Jaap's Psion II Page

                                 CHAPTER 4

                              TOP SLOT BOARD


The Organiser interfaces to the outside world through three slots:-

     1.  SLOT 1.  Side entry, top (nearest display)

     2.  SLOT 2.  Side entry, bottom

     3.  SLOT 3.  Top entry

Slots 1 and 2 are generally used for memory devices such as  datapacks  and
rampacks,  and  slot  3  is  normally  used  for  communications  or  other
interfaces.  Electrically  all  three  slots  are  very  similar,  and  the
distinction  is  for  ergonomic  reasons.   Internally  the three slots are
connected together as a bus, carrying 8 bit bi-directional data, power  and
control lines to select and control devices plugged in.

     This section describes the bus hardware in general terms,  and  should
be read together with the sections on specific devices and control software
to gain a full understanding of its operation.

     ____ _______ ___

Figure 3.1 is a schematic of the slot control circuitry.  All  three  slots
have 16 connections.  In general they are connected as a bus, but there are
some minor differences in signals particularly to slot 3.  The slot signals
and their functions are listed below :-
    1. power rails
        0volts          (all slots)     system ground
        Vcc3            (all slots)     5 volt rail, switched under
                                        software control
        Vpp             (slots 1,2)     21 volt rail for programming
        Vb              (slot 3)        system power rail for power
                                        in or out. 5.5 to 11 volts.

    2. data bus
        SD7-SD0         (all slots)     8 bit data bus from processor
                                        port 2

    3. control bus
        SCK             (all slots)     4 general control lines
        SMR             (all slots)     from processor port 6
        SOE_B           (all slots)
        SPGM_B          (slots 1,2)

    4. slot selection
        SS1_B           (slot 1)        3 control lines from processor
        SS2_B           (slot 2)        port 6, used to select the
        SS3_B           (slot 3)        current active slot

    5. other
        AC_B            (slot 3)        Input for external Organiser
                                        switch on


A detailed description of the power supply circuitry is included in chapter
3.   The  main  properties  of  the  externally  available  power rails are
included here for reference.

     1.  Vb             (slot 3 only)

              This is the main Organiser system power rail, and is  fed  by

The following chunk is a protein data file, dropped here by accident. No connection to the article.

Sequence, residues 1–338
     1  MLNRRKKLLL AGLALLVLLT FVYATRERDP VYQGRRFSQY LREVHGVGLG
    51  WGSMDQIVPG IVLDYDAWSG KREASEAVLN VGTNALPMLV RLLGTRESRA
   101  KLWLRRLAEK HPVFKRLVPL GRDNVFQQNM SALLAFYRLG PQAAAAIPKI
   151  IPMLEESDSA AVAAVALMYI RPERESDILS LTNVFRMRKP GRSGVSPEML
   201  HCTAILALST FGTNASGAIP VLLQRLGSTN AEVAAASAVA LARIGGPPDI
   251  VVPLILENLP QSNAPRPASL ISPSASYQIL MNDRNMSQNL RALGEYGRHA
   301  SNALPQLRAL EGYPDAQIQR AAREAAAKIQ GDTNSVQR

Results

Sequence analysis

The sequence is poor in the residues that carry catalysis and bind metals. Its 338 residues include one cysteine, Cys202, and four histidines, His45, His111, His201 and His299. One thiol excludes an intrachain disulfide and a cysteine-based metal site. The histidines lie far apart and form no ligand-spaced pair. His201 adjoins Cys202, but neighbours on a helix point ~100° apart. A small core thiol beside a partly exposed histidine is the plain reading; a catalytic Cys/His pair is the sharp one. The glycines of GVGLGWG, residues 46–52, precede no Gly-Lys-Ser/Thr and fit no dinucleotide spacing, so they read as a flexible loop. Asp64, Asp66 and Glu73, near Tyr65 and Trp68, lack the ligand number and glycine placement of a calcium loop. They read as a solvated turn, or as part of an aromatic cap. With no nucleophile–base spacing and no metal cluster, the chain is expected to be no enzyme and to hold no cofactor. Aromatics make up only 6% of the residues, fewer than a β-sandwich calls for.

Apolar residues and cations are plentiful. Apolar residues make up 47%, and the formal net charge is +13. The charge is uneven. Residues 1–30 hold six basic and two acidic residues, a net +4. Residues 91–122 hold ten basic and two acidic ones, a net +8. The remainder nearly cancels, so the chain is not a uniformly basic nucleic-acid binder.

the   Organiser  battery  via  a  forward  diode.   All  Organiser
         regulated power rails are derived from this rail.  Vb can be  used
         as  a  power  output  or  as  an external power input.  As a power
         output, the battery voltage minus a diode drop will appear at this
         pin (5.5 to 8.5 volts dependant on battery condition).  As a power
         input, the voltage applied  should  be  higher  than  the  battery
         voltage  to  ensure  no  current  drain  from  the battery.  It is
         recommended that an external power source also feeds  the  Vb  pin
         through  a  forward  diode,  to  ensure  no reverse current to the
         external source when it is powered  off.   In  this  configuration
         power  for the system is drawn from either the internal battery or
         the external power  source,  whichever  is  supplying  the  higher
         voltage.   Vb should be between 5.5 and 11.0 volts under a maximum
         system load of 175 mA.  The  lower  limit  is  determined  by  the
         dropout  voltage  of  the  5 volt pass regulators (the low battery
         indicator is triggered at approx.  5.3 volts on  Vb).   The  upper
         limit is defined primarily by the Vcc3 pass regulator - see below.

     2.  Vcc3           (all slots)

              This is the main power rail to the slots, and is regulated to
         5  volts  +/-5%.   It  is  derived  from  the  Vb rail above.  The
         regulator is a low-dropout type with a PNP pass  transistor  rated
         at  1  watt.   At  a Vb voltage of 11 volts the maximum DC current
         capacity of Vcc3 is therefore 167  mA  (167*(11-5)=1000  mW).   In
         practice  150  mA  should  be  used  as  the  rating of this rail,
         remembering that all three slots are  powered  in  parallel.   The